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Servicemembers Civil Relief Act Class Action Litigation: An Expert Witness's In-Depth Analysis and Comments


Expert Witness: Don Coker
Renowned Banking and Financial Expert Witness Don Coker lists some of the important nuances of the Servicemembers Civil Relief Act, and explains how some details important in this class action litigation manage to get lost in the weeds.

The Act was enacted in 2003 as a revision of the Soldiers' and Sailors' Civil Relief Act of 1940, and has been modified numerous times since its initial enactment.

For lawyers (of which I am not one), you can find the Act at 50 U.S.C. Sections 3901-4043.

The Act applies to active duty military, and covers financial items such as credit card interest rates, residential leases and security deposits, mortgage interest rates and foreclosures, life and health insurance, financial contracts and respossessions, storage liens, and default judgments.

1. Based upon my review of the records in a recent Servicemembers Civil Relief Act ("SCRA" or "the Act") case, it was my professional opinion that the bank failed to competently implement the requirements of the Act. Had thebank been competent and had it acted reasonably to implement the SCRA, it was my opinion that it was more likely than not that the bank’s systemic overcharges and persistent violations of the Act would not have occurred, and the many tens of thousands of active-duty servicemembers with credit cards issued by this bank would have been protected from unfair interest rates and fees, as Congress intended.

Evidence of this bank’s documented incompetence in implementing the SCRA went back many years. Bank documents showed that it overcharged active duty servicemembers millions of dollars in unlawful interest and fees.

In this particular
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case, the bank’s negligent implementation of the SCRA went even further, as the OCC noted in a letter to to this bank, stating that “[m]anagement needs to develop effective controls and policies and procedures to ensure full compliance with SCRA” including “no evidence of checks of the relevant databases having been performed to determine if the borrowers were protected by the SCRA.”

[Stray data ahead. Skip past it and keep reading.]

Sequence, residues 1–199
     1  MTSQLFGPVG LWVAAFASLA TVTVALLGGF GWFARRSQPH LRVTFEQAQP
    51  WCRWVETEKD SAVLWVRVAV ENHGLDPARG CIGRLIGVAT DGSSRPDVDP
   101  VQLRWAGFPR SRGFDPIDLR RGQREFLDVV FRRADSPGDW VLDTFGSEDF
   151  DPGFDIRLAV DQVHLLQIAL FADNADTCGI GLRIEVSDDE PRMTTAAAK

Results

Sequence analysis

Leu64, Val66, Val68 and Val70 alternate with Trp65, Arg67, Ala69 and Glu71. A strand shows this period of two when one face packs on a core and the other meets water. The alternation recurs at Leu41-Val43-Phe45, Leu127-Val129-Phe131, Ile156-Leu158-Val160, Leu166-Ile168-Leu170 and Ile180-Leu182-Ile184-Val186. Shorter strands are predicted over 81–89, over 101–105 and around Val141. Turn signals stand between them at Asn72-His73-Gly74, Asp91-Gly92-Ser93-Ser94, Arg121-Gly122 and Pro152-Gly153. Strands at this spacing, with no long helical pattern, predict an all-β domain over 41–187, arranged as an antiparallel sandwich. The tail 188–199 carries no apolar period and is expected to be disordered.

Further, the OCC required the bank to enter into a Consent Order that established that the bank “[f]ailed to have in place effective policies and procedures across the Bank to ensure compliance with the SCRA” and that “[b]y reason of the conduct set forth above, the Bank engaged in unsafe or unsound banking practices.”

The bank itself acknowledged its lack of standards to implement the SCRA, describing “internal challenges and lack of consistent standards and approach ...” in one of its communications.

2. One example of the bank’s lack of effective procedures was its failure to timely set up a flag in its databases to identify active duty customers to whom SCRA benefits were owed, which undermined its ability to properly implement the SCRA and constituted a woeful failure to meet nationwide industry standard banking practices. It was my opinion that such a flag is a standard banking practice and that the bank’s failure is another example of its incompetence in implementing the SCRA and of its negligence toward its active-duty customers.

The bank’s failure to set up an SCRA flag was well documented. This bank’s SCRA Review Plan stated: “There is no servicing system flag for denials prior to [date]”

The bank, likewise, indicated “[t]he ability to tag an account for SCRA started in [date]” and that its “[l]ack of a ‘flag’ for SCRA across all systems impacted [our ability to comply]” and was a “known data integrity issue with source data.”

The bottomline is that the bank knew about this shortcoming in its systems, and should have and could have taken action and developed an SCRA flag across its systems much earlier than it did.